And now we move onto Tae Joo, the blandest serial killer if I ever did see one. His backstory comes to us in the form of a monologue during the rising action for the final showdown of murderers, and that was just lazy writing to me. Films are the primary place to utilize the “show, don’t tell” methodology of weaving a compelling story and Memoir of a Murderer could have certainly benefited from utilizing that more. What’s worse about Tae Joo is that a murderer who targets women out of repressed negative feelings for his mother is a hopelessly generic backstory for a serial killer. Altogether, he’s a C- villain for me and I probably will forget him as quickly as Byeong Soo did after their first fateful meeting.
The performance of the ensemble cast was easily the highlight of Memoir of a Murderer. For all my criticisms of the actual events of the film, I am at least happy to say that I have nothing but praise for the acting showcased.
Sol Kyung Gu has a prolific and highly acclaimed career as an actor in South Korea, and his experience shows in his performance in Memoir of a Murderer. He was able to alternate between the emotional highs and lows that a character suffering from dementia needed to convey. Kyung Gu also had a very convincing tick that he used to portray moments when Byeong Soo was slipping into one of the episodes where he loses his grasp on reality that I found impressive. All in all, Kyung Gu didn’t really endear me to his character but he certainly was able to show the image of a character with conflicting motivations, and a complete lack of reliability as a narrative perspective. The only distracting thing about his performance was my fixation on trying to determine if he was wearing a wig for most of the movie. But that’s admittedly irrespective of his performance.
Questionable hair stylist choices aside, I’ll move on to the only female actress that had a major role in the film: AOA’s Kim Seolhyun. I know people are often skeptical of idols taking on roles in film and television. And I’ll admit my only other experience having seen Seolhyun act was in the drama Orange Marmalade, which was truly an uphill battle to prove herself as a competent actress. Memoir of a Murderer has a hugely different tone from any of her past works, however, and she stepped up to the challenge of taking on a much darker role beautifully. She was believable as the doting daughter and utterly compelling as the distraught woman who is forced to learn two terrible truths after being kidnapped and nearly murdered. Seolhyun definitely gets my props here, and I’m anticipating seeing her more serious roles after the well-deserved general acclaim she got for her performance as Eun Hee.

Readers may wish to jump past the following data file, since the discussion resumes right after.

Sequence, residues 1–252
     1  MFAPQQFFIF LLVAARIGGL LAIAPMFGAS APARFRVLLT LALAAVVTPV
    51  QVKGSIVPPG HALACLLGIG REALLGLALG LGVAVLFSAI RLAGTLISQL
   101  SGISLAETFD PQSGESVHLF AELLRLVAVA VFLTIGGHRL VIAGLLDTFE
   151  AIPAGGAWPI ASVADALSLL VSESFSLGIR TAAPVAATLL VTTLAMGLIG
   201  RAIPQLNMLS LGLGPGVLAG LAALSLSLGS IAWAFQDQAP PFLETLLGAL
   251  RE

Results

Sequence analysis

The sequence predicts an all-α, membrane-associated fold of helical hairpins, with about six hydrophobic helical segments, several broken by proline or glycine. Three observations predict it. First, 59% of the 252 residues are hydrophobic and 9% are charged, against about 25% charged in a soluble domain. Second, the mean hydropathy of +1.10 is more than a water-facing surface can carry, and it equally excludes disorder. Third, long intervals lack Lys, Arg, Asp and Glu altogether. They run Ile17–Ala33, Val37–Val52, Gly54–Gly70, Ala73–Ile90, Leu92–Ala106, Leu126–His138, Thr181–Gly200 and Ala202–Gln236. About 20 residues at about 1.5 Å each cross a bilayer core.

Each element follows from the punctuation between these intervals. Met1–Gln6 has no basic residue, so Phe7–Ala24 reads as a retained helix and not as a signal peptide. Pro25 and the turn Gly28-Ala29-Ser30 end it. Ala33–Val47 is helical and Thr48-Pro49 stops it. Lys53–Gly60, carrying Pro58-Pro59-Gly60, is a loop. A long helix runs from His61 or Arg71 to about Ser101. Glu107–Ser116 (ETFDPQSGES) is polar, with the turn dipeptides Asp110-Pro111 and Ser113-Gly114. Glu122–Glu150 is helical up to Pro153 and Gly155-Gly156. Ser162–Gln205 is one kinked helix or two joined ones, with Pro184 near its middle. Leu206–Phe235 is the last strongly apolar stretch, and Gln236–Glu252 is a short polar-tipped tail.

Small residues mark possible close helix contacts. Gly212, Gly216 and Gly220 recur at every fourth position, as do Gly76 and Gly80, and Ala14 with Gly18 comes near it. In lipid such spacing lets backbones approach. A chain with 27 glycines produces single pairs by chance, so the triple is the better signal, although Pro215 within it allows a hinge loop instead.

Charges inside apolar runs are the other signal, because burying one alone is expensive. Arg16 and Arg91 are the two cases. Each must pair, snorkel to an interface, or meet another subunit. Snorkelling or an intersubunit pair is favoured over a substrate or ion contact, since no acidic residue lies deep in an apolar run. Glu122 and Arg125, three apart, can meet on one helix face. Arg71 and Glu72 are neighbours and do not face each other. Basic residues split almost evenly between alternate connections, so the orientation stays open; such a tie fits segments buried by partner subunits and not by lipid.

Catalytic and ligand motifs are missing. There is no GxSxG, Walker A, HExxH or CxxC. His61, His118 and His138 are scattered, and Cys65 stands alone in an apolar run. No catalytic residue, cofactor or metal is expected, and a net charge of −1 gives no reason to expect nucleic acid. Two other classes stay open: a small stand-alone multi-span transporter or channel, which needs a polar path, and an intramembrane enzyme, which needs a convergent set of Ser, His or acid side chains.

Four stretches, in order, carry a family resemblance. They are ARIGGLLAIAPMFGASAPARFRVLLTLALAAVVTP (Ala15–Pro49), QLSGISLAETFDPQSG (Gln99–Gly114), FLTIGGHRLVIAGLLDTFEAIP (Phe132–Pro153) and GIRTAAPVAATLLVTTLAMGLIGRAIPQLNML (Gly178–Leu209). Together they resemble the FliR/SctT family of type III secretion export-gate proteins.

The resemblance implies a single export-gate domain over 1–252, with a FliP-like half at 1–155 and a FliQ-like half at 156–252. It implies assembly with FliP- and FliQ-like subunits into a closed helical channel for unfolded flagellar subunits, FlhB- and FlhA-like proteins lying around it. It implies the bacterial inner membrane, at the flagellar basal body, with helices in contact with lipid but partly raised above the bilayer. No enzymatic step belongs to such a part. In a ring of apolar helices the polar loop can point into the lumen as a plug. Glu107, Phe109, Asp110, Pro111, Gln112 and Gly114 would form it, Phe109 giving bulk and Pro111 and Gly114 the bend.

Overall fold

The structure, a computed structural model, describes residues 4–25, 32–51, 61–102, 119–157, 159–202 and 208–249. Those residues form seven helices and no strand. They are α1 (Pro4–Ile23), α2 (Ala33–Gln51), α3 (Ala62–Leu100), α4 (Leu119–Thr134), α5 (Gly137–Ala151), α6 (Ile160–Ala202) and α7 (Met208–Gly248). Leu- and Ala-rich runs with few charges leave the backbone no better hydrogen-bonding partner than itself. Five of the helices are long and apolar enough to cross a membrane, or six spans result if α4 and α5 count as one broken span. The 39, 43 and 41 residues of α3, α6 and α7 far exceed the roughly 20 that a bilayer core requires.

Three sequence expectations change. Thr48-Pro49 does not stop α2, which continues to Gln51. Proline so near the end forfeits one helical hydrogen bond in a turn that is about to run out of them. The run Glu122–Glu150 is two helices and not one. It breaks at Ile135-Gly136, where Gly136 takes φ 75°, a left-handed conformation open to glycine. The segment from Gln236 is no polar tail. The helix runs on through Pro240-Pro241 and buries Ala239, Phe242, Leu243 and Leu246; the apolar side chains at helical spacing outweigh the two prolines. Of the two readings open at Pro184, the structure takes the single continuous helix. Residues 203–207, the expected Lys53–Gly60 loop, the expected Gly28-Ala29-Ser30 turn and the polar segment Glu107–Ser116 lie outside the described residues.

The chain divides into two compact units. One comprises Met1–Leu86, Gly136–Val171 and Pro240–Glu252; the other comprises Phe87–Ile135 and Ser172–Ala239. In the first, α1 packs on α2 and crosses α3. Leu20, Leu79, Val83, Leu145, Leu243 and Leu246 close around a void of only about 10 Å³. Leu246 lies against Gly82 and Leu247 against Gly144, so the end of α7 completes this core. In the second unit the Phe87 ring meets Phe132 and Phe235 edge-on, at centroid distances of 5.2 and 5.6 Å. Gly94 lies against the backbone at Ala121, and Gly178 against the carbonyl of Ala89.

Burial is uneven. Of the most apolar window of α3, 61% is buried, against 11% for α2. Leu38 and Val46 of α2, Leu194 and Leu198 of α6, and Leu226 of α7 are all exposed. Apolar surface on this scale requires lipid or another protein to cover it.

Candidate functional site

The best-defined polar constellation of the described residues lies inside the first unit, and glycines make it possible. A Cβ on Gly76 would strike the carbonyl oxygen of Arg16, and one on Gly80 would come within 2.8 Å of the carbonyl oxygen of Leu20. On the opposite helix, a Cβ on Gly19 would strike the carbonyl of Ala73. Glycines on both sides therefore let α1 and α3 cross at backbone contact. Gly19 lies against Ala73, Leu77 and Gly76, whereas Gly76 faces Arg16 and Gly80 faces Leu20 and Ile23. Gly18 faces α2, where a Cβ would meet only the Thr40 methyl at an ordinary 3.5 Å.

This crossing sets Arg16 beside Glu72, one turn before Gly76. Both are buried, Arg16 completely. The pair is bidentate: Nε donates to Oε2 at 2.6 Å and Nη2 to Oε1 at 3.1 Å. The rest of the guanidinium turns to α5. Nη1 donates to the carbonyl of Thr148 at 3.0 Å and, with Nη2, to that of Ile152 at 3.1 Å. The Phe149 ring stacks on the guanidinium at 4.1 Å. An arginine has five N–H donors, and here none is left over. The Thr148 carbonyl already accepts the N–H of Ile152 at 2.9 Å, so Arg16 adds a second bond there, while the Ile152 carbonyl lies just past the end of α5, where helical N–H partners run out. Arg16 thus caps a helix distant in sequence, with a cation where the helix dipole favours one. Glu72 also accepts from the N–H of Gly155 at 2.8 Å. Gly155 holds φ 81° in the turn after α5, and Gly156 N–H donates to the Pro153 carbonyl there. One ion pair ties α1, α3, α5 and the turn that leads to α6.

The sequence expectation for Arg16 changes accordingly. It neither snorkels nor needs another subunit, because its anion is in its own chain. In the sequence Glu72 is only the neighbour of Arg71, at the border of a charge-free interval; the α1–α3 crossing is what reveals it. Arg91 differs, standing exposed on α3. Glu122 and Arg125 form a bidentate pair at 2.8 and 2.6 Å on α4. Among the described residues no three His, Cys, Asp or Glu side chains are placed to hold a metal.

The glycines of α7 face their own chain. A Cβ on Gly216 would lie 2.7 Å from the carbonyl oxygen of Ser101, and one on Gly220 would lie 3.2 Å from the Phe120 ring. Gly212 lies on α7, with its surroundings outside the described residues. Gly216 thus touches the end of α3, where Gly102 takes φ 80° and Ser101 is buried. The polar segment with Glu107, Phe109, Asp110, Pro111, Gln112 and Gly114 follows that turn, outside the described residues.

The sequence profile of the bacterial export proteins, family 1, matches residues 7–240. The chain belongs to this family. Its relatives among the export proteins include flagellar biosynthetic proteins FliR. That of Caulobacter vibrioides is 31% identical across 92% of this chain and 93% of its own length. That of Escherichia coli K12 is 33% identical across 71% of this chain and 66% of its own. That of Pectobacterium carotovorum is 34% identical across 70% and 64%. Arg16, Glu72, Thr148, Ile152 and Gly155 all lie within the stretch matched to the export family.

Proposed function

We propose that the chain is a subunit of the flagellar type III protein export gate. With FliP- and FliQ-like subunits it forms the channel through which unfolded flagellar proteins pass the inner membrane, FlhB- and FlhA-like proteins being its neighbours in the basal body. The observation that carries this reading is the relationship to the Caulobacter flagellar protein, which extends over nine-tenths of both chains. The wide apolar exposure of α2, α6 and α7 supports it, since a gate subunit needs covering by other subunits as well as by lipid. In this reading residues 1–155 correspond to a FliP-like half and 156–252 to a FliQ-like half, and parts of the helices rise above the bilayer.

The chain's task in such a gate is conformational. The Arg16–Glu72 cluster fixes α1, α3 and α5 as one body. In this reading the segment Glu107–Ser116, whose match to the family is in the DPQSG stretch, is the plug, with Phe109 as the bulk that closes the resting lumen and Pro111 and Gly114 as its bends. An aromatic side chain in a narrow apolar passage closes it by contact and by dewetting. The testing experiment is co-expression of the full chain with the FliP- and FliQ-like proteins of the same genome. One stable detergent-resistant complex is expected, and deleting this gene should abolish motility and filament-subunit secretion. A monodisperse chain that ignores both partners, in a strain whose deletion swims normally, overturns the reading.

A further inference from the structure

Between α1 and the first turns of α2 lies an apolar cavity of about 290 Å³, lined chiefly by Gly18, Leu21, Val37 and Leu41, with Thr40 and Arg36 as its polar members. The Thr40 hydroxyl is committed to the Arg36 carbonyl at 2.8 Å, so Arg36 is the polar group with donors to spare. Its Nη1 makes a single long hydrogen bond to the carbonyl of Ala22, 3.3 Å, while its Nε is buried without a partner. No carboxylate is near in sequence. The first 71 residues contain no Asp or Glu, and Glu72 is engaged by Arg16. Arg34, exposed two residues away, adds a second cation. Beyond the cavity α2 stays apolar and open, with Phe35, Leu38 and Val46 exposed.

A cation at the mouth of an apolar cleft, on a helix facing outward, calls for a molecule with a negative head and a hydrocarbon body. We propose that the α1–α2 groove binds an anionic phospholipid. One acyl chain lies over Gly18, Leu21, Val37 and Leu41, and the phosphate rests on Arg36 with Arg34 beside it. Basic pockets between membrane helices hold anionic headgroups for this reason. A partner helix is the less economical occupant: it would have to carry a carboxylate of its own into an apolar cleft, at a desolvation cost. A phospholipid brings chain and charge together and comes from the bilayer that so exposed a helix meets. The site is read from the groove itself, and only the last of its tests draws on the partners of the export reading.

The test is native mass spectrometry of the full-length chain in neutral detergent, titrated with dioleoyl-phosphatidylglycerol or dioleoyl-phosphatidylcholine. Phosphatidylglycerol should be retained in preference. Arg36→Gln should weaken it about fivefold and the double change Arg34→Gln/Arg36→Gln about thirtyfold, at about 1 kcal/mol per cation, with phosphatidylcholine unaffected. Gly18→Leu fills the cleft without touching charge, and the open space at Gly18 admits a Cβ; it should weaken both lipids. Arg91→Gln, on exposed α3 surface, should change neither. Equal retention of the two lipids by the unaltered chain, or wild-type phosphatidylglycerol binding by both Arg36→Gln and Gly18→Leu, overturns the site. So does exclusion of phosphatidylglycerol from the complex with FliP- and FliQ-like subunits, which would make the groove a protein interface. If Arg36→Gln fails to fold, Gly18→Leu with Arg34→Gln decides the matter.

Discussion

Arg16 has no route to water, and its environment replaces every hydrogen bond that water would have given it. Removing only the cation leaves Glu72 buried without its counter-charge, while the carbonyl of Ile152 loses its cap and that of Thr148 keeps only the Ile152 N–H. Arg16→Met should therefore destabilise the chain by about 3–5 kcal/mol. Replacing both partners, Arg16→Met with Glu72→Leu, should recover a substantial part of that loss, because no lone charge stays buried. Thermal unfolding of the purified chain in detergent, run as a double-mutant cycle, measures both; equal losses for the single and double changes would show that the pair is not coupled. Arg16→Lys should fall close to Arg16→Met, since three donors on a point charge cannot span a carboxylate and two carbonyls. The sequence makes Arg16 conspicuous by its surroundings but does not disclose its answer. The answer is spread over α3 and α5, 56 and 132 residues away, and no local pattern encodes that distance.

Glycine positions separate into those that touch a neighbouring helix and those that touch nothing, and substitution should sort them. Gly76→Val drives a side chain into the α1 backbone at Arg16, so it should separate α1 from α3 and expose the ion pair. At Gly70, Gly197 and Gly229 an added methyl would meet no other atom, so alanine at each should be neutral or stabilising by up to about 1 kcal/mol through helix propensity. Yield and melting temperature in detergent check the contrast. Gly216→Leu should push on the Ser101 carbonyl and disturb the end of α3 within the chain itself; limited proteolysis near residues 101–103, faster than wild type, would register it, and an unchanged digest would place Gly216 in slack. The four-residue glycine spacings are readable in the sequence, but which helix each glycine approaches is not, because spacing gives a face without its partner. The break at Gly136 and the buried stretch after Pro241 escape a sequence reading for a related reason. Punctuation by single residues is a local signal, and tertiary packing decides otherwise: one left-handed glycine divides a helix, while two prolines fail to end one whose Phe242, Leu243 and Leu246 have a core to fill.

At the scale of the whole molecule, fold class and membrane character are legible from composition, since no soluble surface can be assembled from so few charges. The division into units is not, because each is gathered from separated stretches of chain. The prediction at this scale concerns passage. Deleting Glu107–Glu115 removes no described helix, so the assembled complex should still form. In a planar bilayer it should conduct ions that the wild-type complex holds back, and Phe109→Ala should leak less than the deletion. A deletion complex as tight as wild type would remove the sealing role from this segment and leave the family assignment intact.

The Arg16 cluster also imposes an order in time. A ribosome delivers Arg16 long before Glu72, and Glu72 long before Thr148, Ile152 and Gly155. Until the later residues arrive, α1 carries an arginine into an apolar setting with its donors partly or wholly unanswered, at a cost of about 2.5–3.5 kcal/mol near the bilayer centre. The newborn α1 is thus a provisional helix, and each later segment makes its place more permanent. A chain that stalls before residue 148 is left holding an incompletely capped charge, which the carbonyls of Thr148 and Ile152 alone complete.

Kim Nam Gil was also solid in his role as Tae Joo, though I will say he didn’t have a whole lot of emotional range to work with during the majority of the first part of the film. I think once Tae Joo’s careful composure starts to slip in his final face-off we actually get to see Nam Gil show his acting chops and he did violent murderer convincingly well. I do think my disappointment at his character’s lack of nuance is coloring my perspective of his performance somewhat, so I’ll end this here with a: “He was a perfectly convincing villain.”
Memoir of a Murderer is dark, and I mean that in both a thematic and visual sense. There is a very cool-toned gray cast over every scene that makes even the more light-hearted or even mundane scenes rather eerie and adds to the growing sense of foreboding as the movie progresses. The film is shot beautifully, actually, for how grim the progression of the plot is, and my only quip would be the way Byeong Soo and Tae Joo’s final fight was portrayed. There were certain moments in this needlessly long fist fight that were jarring to watch, not because of the events onscreen, but the rather odd transitions between the character’s movements. Having now seen the ending of the film I can’t say if this was poor editing or some reflection of Byeong Soo’s own warped perception of the event in his memory. So I suppose I’ll let it slide. Otherwise, the cinematography was another aspect of this film that was done very well and accentuated the strength of the performances as it should.
Memoir of a Murderer does everything competently but nothing impressively, leaving me in a place of just mild ambivalence. While the pacing and lack of original plot devices bogged down the sequence of the plot, those interested in a morally gray unreliable narrator may want to stick out this thriller even with the lack of thrills it delivers.